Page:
BBC: Covid vaccines cut risk of serious illness by 80% in over-80s. “A single shot of either the Oxford-AstraZeneca or the Pfizer-BioNTech Covid jab reduces the chance of needing hospital treatment by more than 80%, an analysis in England shows. The Public Health England data showed the effect kicked in three to four weeks after vaccination.”

Duke Today: One Year In: Optimism, Advice For Dealing With Stress And Anxiety From The Pandemic. “The mental health challenges associated with the COVID-19 pandemic have overwhelmed many Americans. The stress and anxiety from sickness, lost employment and a pivot for children and parents to isolated, virtual schooling has had a devastating cumulative effect. As the first anniversary of the pandemic approaches, three Duke experts reflected Wednesday on the impact it has had on various aspects of mental health during University Communications’ 50th virtual briefing for journalists since last March.” Video with an extensive article, but no transcript. Video itself is captioned.


Knowledge@Wharton: How Artificial Intelligence Can Slow the Spread of COVID-19. “A new machine learning approach to COVID-19 testing has produced encouraging results in Greece. The technology, named Eva, dynamically used recent testing results collected at the Greek border to detect and limit the importation of asymptomatic COVID-19 cases among arriving international passengers between August and November 2020, which helped contain the number of cases and deaths in the country.”


MIT News: When more Covid-19 data doesn’t equal more understanding. “Since the start of the Covid-19 pandemic, charts and graphs have helped communicate information about infection rates, deaths, and vaccinations. In some cases, such visualizations can encourage behaviors that reduce virus transmission, like wearing a mask. Indeed, the pandemic has been hailed as the breakthrough moment for data visualization. But new findings suggest a more complex picture. A study from MIT shows how coronavirus skeptics have marshalled data visualizations online to argue against public health orthodoxy about the benefits of mask mandates.”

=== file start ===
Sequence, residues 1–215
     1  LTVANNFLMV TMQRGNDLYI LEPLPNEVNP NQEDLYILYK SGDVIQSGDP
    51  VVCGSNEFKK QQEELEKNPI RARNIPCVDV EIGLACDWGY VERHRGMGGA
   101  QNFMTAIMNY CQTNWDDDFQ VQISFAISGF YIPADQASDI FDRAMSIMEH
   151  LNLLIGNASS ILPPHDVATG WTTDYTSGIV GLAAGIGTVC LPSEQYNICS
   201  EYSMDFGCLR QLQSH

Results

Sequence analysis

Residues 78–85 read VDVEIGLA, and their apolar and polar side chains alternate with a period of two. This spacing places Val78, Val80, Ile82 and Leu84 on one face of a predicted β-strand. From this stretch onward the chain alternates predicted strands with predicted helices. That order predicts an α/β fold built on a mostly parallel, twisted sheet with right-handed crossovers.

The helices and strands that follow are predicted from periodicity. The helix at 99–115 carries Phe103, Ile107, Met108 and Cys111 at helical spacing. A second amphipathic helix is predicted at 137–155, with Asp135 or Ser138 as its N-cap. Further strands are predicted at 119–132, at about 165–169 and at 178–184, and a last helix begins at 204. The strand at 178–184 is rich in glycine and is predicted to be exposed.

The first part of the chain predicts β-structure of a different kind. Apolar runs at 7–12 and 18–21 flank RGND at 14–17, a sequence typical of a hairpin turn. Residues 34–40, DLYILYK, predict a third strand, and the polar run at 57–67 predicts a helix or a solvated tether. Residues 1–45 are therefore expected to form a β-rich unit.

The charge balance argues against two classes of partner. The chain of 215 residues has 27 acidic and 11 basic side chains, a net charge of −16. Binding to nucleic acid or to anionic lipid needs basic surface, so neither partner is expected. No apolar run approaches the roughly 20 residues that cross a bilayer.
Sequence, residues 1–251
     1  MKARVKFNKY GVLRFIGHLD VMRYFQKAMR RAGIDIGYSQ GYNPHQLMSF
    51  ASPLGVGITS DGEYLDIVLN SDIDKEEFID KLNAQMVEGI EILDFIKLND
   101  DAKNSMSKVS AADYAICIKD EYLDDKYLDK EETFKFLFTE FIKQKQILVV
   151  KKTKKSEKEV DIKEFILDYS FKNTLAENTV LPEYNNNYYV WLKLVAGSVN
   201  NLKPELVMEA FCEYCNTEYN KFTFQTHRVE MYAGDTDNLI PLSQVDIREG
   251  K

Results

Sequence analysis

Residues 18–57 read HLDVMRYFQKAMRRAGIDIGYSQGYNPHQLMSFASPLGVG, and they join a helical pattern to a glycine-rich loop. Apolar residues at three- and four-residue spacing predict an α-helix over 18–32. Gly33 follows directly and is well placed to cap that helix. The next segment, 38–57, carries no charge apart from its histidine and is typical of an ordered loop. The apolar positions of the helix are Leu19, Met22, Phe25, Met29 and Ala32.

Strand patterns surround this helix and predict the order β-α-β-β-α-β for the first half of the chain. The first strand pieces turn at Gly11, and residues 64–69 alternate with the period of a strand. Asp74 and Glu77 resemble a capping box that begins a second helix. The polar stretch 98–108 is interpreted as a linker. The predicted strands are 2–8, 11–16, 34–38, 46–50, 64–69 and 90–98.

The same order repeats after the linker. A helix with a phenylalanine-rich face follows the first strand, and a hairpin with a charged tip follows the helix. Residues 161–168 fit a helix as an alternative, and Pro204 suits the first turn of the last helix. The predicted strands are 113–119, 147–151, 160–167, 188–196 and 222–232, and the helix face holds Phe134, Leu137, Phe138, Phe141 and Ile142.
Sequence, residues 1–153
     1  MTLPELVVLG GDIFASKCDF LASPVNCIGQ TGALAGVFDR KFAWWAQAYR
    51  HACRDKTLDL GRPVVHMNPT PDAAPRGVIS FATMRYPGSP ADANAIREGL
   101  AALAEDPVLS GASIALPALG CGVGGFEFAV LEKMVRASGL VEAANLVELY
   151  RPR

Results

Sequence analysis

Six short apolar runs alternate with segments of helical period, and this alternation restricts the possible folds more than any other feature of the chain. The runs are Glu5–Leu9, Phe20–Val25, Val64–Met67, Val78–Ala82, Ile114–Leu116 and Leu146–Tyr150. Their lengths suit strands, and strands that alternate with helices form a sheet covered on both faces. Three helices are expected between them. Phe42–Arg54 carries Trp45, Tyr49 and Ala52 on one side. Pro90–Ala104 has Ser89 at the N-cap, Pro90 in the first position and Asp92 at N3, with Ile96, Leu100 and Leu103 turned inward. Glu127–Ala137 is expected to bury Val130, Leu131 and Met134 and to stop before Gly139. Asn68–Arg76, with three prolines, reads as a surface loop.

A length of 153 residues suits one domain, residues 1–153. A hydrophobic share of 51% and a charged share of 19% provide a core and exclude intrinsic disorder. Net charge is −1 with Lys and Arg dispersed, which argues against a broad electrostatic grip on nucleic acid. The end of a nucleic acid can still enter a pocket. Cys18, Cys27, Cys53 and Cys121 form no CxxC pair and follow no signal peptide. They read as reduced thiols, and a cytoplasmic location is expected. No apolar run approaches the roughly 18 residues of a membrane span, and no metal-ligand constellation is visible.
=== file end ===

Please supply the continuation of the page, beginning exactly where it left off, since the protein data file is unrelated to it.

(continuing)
AP: Speedy variants power virus surge sweeping Europe. “The virus swept through a nursery school and an adjacent elementary school in the Milan suburb of Bollate with amazing speed. In a matter of just days, 45 children and 14 staff members had tested positive. Genetic analysis confirmed what officials already suspected: The highly contagious coronavirus variant first identified in England was racing through the community, a densely packed city of nearly 40,000 with a chemical plant and Pirelli bicycle tire factory a 15-minute drive from the heart of Milan.”


Washington Post: Fake coronavirus vaccine seizures in several countries are ‘tip of the iceberg,’ Interpol warns. “First came the fake medical-grade masks and coronavirus tests. Now, a new threat has emerged, global police organization Interpol warns: fake doses of the coronavirus vaccine. Interpol said Wednesday that police in China and South Africa have seized thousands of doses of fake vaccines — a cache it said was just the ‘tip of the iceberg.'”